The Delta area is home for a free-ranging bison herd that numbers over 400 animals. There are also some privately owned animals in the area.
Bison are long-time residents of Alaska, and scientists believe they were at one time the most common large land mammal in the state. The last of the indigenous bison died about 500 years ago, perhaps due to climatic changes. Alaska’s present day wild bison herds originate from a 1928 transplant of 23 bison from the National Bison Range at Moiese, Montana, to what is now the Delta Junction area. This area was chosen because much of it had been burned by wildfires and was vegetated by lush native grasses.
Historic reports indicate that the original plan was to transplant something a little easier for sportsmen to handle than a moose – like elk. While now immensely popular, bison certainly aren’t any easier to handle!
Conditions were so favorable for the initial herd that by the 1950’s the herd had grown to about 500 animals. Availability of forage and a program of controlled hunting has now stabilized the herd at about 375 to 450 animals.
Over the years, the bison established the migratory pattern of summering and calving along the Delta River south-southwest of Delta Junction and wintering in what is now the Delta agricultural area. Each year, the bison move back into the farming area in late August and September and create problems for farmers who are then in the middle of harvest. The conflict has existed with varying degrees of severity from the 50’s, with the first homesteads, to the present time, with large-scale agricultural development.
The Delta Bison Herd (DBH) is managed by The Alaska Department of Fish and Game (ADF&G) according to the Delta Bison Management Plan. The plan is updated every few years through a cooperative process involving the Delta Bison Working Group. The Working Group is an advisory group that includes hunters, farmers and other people interested in the bison herd. The process also involves state fish and game advisory committees and other interested members of the public.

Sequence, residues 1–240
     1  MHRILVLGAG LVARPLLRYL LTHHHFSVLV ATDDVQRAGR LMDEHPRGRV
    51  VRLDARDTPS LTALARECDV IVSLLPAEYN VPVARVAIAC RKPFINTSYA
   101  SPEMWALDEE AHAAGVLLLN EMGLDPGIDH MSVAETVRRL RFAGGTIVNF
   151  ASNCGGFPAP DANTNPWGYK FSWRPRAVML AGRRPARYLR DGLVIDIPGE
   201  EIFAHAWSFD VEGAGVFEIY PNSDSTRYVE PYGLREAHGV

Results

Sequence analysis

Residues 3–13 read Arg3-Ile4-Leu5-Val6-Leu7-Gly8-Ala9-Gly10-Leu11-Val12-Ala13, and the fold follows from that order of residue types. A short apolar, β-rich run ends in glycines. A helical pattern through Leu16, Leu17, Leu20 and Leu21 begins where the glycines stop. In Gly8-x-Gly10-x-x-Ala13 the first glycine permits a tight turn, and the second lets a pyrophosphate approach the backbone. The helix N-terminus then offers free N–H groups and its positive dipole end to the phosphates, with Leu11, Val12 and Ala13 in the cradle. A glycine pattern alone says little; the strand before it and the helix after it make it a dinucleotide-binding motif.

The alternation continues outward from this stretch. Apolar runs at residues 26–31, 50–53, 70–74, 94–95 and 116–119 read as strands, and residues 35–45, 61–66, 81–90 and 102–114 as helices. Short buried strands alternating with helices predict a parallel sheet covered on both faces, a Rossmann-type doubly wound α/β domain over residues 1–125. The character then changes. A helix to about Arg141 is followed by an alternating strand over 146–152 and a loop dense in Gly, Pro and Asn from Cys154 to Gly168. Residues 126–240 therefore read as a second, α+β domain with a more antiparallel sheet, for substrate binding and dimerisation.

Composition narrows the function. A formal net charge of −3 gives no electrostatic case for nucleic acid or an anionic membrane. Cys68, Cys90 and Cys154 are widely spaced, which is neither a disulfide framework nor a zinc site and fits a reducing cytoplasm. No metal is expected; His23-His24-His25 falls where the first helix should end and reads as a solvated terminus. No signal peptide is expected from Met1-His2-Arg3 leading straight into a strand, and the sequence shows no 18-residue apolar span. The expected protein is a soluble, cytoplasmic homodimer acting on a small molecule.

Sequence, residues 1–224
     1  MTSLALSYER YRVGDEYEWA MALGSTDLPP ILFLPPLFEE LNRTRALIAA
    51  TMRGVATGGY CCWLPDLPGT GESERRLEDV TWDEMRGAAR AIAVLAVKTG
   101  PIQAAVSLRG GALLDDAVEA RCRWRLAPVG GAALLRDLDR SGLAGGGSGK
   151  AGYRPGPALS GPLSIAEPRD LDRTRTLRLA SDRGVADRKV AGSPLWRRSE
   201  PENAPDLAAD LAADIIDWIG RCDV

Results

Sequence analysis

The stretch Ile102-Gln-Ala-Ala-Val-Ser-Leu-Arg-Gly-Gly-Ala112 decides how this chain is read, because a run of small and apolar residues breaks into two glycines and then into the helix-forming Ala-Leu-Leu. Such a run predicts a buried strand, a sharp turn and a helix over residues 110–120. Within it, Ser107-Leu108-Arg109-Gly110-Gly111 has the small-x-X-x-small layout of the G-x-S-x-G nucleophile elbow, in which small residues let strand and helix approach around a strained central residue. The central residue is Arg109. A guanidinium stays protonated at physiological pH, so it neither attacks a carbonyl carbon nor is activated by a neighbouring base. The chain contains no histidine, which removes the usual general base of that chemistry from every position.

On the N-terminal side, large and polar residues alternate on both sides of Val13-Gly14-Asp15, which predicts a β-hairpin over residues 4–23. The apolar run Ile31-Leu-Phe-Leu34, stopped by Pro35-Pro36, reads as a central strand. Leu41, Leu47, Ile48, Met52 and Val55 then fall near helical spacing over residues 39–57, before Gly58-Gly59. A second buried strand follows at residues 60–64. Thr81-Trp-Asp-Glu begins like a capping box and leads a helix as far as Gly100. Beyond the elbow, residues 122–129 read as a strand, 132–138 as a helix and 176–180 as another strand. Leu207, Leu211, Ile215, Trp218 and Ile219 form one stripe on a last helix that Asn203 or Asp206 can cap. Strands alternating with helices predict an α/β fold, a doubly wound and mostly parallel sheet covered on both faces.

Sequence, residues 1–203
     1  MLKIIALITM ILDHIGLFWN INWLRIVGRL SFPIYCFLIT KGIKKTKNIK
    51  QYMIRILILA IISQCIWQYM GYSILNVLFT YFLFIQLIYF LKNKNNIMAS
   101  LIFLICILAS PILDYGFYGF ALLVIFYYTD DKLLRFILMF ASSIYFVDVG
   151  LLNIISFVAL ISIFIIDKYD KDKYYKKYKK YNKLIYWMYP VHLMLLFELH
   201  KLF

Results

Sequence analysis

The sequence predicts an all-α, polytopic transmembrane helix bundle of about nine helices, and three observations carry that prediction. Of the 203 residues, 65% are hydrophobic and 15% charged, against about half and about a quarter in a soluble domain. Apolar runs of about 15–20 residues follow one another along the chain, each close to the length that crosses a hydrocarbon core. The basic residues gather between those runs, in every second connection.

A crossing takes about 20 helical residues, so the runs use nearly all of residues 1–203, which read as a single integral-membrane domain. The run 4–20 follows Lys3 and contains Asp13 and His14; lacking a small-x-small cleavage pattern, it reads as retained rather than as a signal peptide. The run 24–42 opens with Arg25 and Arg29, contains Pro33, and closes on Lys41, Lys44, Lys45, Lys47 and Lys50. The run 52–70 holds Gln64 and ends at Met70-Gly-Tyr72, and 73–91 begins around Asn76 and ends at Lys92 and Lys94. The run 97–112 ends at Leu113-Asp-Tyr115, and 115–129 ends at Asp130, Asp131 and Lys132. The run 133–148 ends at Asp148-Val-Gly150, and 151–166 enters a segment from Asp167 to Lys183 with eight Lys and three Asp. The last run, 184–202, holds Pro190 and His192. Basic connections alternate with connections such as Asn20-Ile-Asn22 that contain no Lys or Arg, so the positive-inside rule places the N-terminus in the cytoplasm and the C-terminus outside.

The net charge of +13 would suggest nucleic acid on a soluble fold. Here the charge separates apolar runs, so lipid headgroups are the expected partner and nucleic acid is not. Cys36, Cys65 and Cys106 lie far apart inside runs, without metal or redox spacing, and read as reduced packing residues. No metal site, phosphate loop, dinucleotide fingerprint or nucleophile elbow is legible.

The main focus of the plan is to identify management actions that can minimize the damage caused by bison to agricultural operations in the Delta area.
Because the area’s native bison food supply cannot support a larger herd of bison, and because more bison would cause more problems for farmers, the state annually issues permits for hunting bison as a means of limiting herd size. In recent years, 50 to 100 permits have been available each year, and it is the most popular permit hunt in the state. In recent years more than 10,000 applications have been received for permits.
For summertime visitors, a good spot to see bison at a distance is the turnout at Mile 242.5 on the Richardson Highway, about 20 miles south of Delta. The turnout is located along a ridge just before the road descends to the Delta River bottom at Donnelly Creek. It is necessary to use field glasses or a spotting scope to see the bison, as they are two to three miles away at this point.
Fall and winter visitors can often see bison on the Bison Range or in the Delta Agricultural Project area. Contact ADF&G for more information on bison, bison hunting and current viewing opportunities.